In short by eating this easy to make power sandwich you can drop the vitamin pill, because this meal provides all the nutrients our body needs and more.

Egg Spinach Power Sandwich
Recipe Type: Sandwich
Cuisine: American, Natural, Organic, Whole Foods,
Author: Kraemers Culinary Blog
Prep time:
Cook time:
Total time:
Serves: 4
  • 4 slices of organic whole grain bread
  • 8 slices of ripe organic tomatoes
  • 1.5 lb organic spinach
  • 8 slices of cheddar cheese,
  • 4 eggs
  • 1/4 stick of butter or margarine
  • 2 cloves of garlic, minced
  • 1 onion, finely chopped
  • Salt and pepper
  1. Boil eggs to your liking.
  2. Shock in ice-cold water for about a minute, set aside. See notes for more info on boiling eggs.
  3. Grill or sauté tomatoes for 30-45 seconds on each side on high heat. Keep nearby.
  4. Peel eggs in a way they don’t break. Keep warm
  5. While the spinach is cooking – place 4 slices of bread in a toaster.
  6. In a large pan melt butter over medium heat.
  7. Add onions and sauté until translucent.
  8. Now add the garlic.
  9. Just before the garlic takes on color add the spinach.
  10. Season with salt and pepper
  11. Assemble all ingredients on top of toast and enjoy.
I use cold water to cook the eggs, once the water starts to boil I cook them for 4 minutes. That’s when the egg-yolk is soft inside. Cook it 1 or 2 minutes longer and the egg-yolks are not liquid anymore, but still semi liquid. For hard-boiled eggs cook them for 10 minutes.


Do you have your own version of a power sandwich?

What is your favorite healthy sandwich?

Do you eat healthy, does it matter to you?

I would love to hear your comments?


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What is Comfort Food and Why Do We Love It So Much?

What is Comfort Food and Why Do We Love It So Much?


Green Split Peas Soup with Bacon, comfort food,

A Soup Made for a Blizzard

We just made it through one of the worst storms the American east coast has ever seen. That was in October of 2012. And now this blizzard that brought us more than a 2 feet of snow. I think that calls for some serious comfort food. The famous green split pea soup. A comfort soup made for cold and snowed in days. Luckily we didn’t lose power but others where not so lucky. I can’t think of another storm destroying our house it’s too nerve wrecking. Even month after the Hurricane left us we are still in renovation mode. For those of you who missed my Hurricane post, follow this link: Wood stove cooking and romantic candle light dinners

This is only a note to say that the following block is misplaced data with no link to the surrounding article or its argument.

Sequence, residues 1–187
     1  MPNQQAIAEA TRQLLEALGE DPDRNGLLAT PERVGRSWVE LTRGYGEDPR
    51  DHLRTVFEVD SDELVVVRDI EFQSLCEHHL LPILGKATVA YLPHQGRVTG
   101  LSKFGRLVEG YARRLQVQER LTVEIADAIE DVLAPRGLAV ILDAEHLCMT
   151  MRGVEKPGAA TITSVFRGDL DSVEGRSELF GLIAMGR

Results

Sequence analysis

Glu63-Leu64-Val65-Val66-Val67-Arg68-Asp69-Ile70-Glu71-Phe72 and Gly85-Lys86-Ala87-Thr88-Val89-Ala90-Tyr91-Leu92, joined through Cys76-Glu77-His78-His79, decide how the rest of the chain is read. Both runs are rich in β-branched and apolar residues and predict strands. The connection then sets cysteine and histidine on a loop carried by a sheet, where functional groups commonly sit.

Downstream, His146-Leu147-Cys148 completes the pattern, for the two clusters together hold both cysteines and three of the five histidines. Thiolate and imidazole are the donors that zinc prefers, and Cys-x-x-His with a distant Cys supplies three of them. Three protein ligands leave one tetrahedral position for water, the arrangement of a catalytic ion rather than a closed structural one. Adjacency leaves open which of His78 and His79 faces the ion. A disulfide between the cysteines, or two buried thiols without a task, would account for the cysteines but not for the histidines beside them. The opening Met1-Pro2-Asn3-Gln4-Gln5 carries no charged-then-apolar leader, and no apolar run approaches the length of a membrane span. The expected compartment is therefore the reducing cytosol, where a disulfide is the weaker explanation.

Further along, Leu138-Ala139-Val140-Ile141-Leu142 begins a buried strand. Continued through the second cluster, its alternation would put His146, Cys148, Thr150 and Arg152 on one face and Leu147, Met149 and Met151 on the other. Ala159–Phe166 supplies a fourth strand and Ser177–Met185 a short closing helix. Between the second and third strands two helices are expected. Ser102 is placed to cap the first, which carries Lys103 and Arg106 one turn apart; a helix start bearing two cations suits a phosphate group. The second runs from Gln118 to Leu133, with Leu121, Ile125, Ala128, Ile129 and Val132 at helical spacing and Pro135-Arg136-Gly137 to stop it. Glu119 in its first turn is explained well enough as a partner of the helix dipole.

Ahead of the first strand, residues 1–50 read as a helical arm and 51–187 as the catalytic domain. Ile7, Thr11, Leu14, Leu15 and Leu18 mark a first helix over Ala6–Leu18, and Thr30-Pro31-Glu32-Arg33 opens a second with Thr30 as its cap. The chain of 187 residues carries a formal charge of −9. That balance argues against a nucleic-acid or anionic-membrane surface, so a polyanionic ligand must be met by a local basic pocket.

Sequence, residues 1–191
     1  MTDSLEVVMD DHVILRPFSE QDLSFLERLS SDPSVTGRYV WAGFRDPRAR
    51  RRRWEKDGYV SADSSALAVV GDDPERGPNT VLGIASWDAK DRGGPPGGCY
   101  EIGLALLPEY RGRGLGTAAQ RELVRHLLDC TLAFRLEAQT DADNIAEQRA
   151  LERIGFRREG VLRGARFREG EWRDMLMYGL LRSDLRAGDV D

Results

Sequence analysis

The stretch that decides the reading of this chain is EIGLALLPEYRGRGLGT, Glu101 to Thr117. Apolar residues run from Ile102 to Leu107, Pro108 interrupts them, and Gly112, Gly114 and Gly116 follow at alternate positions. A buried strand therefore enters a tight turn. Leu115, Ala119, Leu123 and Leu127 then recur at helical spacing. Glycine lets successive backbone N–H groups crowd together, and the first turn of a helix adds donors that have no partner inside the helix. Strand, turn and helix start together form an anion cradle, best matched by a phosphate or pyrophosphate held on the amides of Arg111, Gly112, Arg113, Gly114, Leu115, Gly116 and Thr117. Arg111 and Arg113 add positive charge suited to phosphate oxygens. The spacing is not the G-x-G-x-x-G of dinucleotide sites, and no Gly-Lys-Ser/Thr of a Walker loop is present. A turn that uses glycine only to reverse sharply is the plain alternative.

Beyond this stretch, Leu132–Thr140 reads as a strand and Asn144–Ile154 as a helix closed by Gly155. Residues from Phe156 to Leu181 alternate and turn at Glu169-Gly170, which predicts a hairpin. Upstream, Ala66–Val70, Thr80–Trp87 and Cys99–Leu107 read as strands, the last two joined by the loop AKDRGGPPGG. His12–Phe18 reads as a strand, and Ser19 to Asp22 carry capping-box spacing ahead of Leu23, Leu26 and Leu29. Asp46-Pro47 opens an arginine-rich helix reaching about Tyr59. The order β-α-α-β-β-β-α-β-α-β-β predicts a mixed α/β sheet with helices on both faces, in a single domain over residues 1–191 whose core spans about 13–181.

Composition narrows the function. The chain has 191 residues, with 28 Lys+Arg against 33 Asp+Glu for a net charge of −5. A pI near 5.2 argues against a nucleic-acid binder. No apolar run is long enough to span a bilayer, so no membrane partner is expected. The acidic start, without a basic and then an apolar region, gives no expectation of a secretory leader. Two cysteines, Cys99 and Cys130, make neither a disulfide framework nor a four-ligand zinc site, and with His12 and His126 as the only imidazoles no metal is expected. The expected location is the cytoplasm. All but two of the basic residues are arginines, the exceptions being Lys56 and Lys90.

Snowy days ideal for comfort food

A Culinary Tradition that Carries On for Centuries.

I loved snow during my childhood – nowadays not so much. I remember on really cold days my mom would always cook up some comfort food such as a green split pea soup. I don’t know if it’s just me who craves comfort food on cold days. What about you?

The funny thing is My wife comes from the Caribbean and she has a comfort food too. It’s a curry, whether it’s made with chicken, fish or goat. But it’s not cold there. So how do you define comfort food? Does it has something to do with the weather or our emotions? I would love to know your take on it?

Green Split Peas

What is comfort food and why do we love it so much?

According to The Free dictionary by Farlex the definition for comfort food is: ” Simply prepared food that gives a sense of well-being: usually foods with a higher content of  sugar or carbohydrates, which can be associated with childhood or home cooking”. There we have it, what ever is in our comfort food gives us a sense of emotional satisfaction.

A study by the School of Hotel Administration at Cornell University suggest that men crave comfort food during positive times while women yearn for comfort food in stressful times. Isn’t that interesting? What are you craving in comfort food?

Split peas soup as comfort food

Health Benefits of Green Split Peas

Split peas whether they are green or yellow are loaded with proteins and fibers. 95 % of all split peas come in dried form, which doesn’t diminish its health benefits. They are also packed with anti inflammatory properties and antioxidants. Studies have shown that peas in general have great health benefits such as lowering blood sugar levels, heart healthy, cancer fighting and cholesterol lowering properties, just to mention a few. For more info on health benefits on split peas follow the link. Linus Pauling Institute

Even though a split peas soup is loaded with “good” carbohydrates and calories I can say that this comfort food is quite healthy. Storm or no storm I will definitely stick to my comfort food as long as they are loaded with peas 🙂


Green Split Pea Soup with Bacon cooked in a Slow Cooker

Recipe Type: Soup, Entre, Comfort Food, Organic,
Cuisine: German
Author: Kraemers Culinary Blog
Prep time:
Cook time:
Total time:
Serves: 4
I cooked this green split peas soup in my fancy rice cooker, which is also a slow cooker. If you don’t have the time to slow cook use a stainless steel pot. You just have to keep the heat on low to medium and stir frequently. The cooking time will also be shorter around: 1:30 minutes.
  • 3 slices bacon, diced
  • 4 oz / 115 g butter
  • 10 oz / 290 g / 1 1/4 cup organic green split peas
  • 4 oz / 115g / 1 cup organic onions, finely chopped
  • 4 oz / 115 g / 1 cup organic carrots, cut in 1/3 inch cubes
  • 2 oz / 60 g / 1/2 cup organic celery, finely chopped
  • 1 large organic potato cut in 1/3 inch cubes